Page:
Tutor profile: Ashley G.
Defendant was required to live in a halfway house. Those who live in the building are allowed to go to work during the day, but in the evening, they must sign in and stay for the entire night. On October 10 during the day, an armored truck was robbed very close to the halfway. Defendant did not return to the facility that evening. Defendant is charged with that crime. Prosecution wants to introduce that Defendant is a convicted sex offender and had to return to the halfway house in the evening and he didn't that night. Should this be allowed?
The prosecution should not be allowed to bring up the fact that Defendant is a sex offender. It is highly prejudicial and is not relevant to the case at hand. However, the fact that Defendant lives in the halfway house is relevant. The facility is close to the place the crime took place. We know that Defendant did not return and sign in the evening of October 10. This could be useful to prove identity. Therefore, while acknowledgment of the Defendant's previous crime would not otherwise be permitted to be admitted, it should be permitted here in order to provide character evidence through 4040(b).
Subject: Political Science
Niccolo Machiavelli's "The Prince" contains several maxims concerning politics. He determined that as a ruler, if one cannot have both, "...it is better to be widely feared than to be greatly loved." Why does this seem like a logical conclusion? Do you agree with this conclusion?
The "better to be feared than loved" argument is one that plays upon human nature. A ruler should be concerned with reputation, but at the same time, be willing to take action when necessary. A ruler who is loved gains their following through the public's obligation. This obligation, however, is fleeting if the ruler fails to provide for the public when the public demands. A ruler whose loyalty is earned through fear rather than kindness is furnished with greater stability when this ruler makes decisions inconsistent with the public's desires. However, this loyalty is neither unwavering nor definite. Rebellion is sure to ensnare the public at some point, because fear inevitably becomes hatred, particularly if the ruler's power turns their character toward corruption. Therefore, I disagree with Machiavelli; a young ruler should aspire to gain the loyalty of his followers with consistency. This means that love from the constituents will provide a base for the ruler to have access to the people's desires, and create a relationship of trust with them. However, humans can be fickle, and thus an element of fear is necessary to keep the constituents in bounds, and develop a boundary so it is not forgotten who is in power. Fear is necessary to remind the followers that the ruler is in fact the ruler. However, being loved prevents the rise of rebellion. Fear alone will not guarantee a ruler's power.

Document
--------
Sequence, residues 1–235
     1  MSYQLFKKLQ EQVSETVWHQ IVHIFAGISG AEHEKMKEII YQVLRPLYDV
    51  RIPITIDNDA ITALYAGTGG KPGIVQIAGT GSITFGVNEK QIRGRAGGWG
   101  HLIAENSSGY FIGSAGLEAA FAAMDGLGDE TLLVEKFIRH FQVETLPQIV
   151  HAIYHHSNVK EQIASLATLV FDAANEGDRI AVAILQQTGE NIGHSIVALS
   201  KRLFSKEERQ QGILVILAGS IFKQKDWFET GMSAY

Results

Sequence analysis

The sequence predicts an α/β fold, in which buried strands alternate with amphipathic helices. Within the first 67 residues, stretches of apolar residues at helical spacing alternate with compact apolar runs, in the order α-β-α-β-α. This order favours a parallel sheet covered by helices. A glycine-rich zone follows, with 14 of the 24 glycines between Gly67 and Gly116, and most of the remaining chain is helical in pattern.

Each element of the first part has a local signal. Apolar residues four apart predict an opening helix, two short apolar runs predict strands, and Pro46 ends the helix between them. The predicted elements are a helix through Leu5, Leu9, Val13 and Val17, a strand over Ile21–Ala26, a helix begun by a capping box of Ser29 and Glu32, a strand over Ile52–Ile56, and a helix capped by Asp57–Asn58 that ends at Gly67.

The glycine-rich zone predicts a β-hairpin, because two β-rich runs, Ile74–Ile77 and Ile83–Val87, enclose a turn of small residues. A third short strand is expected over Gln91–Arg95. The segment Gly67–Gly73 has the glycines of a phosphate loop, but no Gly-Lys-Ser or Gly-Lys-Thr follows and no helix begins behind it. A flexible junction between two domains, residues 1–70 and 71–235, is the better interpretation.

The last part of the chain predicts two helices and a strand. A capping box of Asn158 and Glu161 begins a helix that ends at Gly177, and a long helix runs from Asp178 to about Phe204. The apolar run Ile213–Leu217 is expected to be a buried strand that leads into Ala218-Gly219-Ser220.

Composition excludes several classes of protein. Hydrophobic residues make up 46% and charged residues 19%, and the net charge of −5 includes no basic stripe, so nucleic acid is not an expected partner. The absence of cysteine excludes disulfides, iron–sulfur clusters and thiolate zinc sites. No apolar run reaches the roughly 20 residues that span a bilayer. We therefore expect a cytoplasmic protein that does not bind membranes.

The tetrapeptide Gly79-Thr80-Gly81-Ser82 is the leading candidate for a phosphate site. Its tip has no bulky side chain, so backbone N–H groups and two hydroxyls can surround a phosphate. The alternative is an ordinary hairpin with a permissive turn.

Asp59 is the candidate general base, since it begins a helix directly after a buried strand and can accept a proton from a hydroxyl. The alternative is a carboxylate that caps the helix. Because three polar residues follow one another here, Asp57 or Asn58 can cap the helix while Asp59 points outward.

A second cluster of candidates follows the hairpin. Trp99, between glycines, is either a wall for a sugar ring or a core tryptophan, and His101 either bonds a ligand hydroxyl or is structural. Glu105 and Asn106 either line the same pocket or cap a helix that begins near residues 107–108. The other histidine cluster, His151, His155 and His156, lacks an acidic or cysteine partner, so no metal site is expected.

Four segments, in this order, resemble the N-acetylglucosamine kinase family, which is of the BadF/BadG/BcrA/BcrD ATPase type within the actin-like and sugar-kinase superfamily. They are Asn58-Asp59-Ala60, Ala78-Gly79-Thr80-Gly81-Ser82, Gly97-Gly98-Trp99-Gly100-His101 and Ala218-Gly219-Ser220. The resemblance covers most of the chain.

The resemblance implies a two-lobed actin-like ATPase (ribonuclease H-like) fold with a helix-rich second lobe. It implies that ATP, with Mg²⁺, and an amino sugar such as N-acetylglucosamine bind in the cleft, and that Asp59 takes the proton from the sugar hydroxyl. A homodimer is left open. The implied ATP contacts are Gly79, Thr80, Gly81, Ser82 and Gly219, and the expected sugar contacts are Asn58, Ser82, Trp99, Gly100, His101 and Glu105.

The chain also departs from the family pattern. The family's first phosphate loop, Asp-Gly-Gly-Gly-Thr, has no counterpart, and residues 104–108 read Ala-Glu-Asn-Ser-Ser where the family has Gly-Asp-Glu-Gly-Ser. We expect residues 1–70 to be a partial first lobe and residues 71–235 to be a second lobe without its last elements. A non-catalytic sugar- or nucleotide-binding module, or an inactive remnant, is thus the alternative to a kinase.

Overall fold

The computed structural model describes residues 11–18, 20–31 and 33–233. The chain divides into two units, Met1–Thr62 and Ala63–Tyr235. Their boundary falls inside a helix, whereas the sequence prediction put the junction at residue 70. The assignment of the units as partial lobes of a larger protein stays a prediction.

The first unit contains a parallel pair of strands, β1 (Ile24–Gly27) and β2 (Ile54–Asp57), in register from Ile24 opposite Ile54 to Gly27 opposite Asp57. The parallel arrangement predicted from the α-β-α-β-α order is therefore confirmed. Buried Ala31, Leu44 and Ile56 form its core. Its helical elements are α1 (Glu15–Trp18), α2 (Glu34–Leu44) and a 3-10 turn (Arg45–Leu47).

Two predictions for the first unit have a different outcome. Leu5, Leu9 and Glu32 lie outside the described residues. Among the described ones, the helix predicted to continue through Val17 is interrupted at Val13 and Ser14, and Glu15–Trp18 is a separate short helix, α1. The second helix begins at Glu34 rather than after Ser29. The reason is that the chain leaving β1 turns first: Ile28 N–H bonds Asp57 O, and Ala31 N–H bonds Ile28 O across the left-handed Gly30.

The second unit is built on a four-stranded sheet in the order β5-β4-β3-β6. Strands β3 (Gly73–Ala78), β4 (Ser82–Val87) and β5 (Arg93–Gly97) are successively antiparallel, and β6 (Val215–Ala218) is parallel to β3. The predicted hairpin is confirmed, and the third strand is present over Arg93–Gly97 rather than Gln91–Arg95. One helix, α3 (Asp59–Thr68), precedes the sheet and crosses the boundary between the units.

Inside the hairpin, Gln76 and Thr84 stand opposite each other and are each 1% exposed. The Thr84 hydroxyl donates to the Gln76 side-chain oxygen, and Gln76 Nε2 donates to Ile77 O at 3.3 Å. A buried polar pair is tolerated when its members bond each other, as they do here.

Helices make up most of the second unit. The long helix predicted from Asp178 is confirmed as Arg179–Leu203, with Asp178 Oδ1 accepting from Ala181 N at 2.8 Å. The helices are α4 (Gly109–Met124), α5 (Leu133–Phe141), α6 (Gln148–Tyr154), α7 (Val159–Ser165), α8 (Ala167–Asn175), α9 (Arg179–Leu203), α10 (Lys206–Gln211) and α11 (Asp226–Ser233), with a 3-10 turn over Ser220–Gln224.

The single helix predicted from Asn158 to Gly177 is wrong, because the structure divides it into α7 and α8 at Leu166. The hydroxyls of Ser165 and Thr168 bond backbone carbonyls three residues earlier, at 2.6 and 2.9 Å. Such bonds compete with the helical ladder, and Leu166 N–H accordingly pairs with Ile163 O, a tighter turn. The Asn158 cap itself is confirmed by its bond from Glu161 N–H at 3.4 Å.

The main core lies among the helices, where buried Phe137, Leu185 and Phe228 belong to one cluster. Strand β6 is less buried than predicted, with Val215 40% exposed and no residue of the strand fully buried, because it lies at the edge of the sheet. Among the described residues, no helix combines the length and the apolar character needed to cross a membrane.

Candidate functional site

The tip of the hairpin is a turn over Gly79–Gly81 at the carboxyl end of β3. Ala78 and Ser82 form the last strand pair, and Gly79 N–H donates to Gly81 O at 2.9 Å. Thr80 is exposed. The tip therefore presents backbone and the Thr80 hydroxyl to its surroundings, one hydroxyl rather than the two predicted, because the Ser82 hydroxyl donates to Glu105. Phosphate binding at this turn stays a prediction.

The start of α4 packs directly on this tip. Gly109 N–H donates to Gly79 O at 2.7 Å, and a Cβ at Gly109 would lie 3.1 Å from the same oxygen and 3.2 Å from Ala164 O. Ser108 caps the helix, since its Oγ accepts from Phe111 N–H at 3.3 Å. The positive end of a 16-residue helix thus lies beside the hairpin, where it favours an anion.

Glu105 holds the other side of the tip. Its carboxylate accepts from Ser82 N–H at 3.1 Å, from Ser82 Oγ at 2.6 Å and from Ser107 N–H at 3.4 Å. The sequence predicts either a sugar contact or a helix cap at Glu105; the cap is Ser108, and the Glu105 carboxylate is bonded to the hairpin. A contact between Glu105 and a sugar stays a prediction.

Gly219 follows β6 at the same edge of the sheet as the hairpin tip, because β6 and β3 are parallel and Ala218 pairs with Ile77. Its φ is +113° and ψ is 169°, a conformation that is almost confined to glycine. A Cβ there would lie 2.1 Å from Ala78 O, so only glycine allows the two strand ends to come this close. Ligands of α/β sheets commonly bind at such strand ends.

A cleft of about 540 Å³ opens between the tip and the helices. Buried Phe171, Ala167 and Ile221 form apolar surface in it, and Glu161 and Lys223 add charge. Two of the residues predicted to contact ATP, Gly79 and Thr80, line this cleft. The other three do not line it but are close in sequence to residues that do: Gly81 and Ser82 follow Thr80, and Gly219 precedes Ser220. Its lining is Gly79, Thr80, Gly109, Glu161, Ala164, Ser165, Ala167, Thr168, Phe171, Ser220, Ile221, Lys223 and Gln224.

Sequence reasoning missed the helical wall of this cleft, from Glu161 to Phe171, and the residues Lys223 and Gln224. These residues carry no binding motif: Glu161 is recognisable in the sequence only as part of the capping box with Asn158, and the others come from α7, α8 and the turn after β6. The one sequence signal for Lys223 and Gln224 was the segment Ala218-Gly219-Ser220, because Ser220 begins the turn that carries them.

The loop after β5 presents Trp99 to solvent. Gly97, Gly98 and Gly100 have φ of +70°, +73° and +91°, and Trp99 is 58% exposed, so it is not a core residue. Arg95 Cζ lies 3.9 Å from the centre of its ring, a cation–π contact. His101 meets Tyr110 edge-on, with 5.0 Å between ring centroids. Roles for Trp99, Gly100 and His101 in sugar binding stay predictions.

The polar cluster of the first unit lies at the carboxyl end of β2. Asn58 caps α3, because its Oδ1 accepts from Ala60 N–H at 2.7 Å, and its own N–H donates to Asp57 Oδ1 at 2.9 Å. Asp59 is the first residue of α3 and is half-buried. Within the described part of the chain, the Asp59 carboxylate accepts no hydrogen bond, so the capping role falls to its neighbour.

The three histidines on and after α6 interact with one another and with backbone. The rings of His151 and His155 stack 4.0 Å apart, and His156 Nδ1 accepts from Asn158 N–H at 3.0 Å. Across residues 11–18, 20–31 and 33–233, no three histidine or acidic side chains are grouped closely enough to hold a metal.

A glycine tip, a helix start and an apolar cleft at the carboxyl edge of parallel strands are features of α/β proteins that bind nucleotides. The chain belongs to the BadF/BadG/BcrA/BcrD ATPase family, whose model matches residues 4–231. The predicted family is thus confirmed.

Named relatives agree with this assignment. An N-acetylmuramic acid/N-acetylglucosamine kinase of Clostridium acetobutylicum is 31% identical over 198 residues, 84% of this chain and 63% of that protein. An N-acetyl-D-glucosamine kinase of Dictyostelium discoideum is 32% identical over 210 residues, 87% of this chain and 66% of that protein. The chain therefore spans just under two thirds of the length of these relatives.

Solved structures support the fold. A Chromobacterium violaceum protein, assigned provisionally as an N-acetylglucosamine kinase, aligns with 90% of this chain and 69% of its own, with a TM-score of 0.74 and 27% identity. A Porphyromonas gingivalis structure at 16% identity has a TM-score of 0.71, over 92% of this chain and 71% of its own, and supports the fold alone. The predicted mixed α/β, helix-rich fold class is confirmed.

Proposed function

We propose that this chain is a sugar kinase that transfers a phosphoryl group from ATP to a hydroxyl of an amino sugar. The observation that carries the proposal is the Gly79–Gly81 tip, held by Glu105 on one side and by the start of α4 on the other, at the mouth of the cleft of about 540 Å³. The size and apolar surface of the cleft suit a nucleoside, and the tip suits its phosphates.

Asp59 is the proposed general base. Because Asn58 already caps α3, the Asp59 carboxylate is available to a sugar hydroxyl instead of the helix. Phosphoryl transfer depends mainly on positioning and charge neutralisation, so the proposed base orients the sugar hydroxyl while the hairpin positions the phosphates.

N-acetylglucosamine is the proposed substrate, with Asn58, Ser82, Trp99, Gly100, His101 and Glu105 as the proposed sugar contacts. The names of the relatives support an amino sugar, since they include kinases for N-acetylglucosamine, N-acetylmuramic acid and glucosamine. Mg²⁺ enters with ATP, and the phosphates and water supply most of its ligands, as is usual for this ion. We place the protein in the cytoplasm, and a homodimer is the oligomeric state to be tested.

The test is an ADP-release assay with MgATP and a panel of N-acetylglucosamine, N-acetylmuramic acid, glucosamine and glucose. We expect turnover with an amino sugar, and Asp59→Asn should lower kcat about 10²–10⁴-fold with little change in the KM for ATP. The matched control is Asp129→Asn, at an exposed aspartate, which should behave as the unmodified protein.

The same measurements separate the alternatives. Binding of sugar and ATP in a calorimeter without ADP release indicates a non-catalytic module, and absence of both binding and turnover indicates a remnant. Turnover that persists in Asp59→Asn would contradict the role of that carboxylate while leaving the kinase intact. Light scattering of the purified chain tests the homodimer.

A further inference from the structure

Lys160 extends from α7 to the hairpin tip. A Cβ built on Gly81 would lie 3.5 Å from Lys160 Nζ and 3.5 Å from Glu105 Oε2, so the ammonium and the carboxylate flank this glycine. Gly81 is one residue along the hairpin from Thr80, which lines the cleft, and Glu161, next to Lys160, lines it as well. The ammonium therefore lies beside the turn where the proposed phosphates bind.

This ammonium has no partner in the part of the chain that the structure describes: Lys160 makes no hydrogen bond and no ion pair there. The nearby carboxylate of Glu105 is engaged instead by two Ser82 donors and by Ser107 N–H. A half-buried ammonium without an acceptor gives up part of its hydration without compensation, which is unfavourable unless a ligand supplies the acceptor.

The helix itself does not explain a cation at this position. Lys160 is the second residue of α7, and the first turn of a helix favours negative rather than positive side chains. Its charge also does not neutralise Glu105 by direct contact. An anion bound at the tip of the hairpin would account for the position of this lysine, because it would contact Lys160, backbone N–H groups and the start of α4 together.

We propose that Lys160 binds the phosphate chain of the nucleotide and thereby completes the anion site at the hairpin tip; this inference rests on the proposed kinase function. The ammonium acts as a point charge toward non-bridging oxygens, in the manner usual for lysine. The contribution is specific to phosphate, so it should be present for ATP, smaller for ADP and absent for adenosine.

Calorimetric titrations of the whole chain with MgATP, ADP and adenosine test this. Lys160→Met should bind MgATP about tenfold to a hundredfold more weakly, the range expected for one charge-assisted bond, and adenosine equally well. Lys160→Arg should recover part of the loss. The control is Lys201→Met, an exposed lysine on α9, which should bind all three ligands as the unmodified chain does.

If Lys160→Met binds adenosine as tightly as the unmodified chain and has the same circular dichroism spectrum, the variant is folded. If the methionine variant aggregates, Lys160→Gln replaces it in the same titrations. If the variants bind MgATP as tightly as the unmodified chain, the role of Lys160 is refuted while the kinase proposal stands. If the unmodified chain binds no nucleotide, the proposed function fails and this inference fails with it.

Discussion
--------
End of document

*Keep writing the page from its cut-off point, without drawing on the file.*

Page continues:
Which factors would you look for to determine whether an author was using the persuasive technique of pathos in a passage?
A student should look to see whether the author was using personal connections and stories to appeal to the audience's emotions. Pathos is an appeal to the emotions of the audience (think pathetic), and incorporating personal connections and stories is a technique for eliciting an emotional response from the reader.
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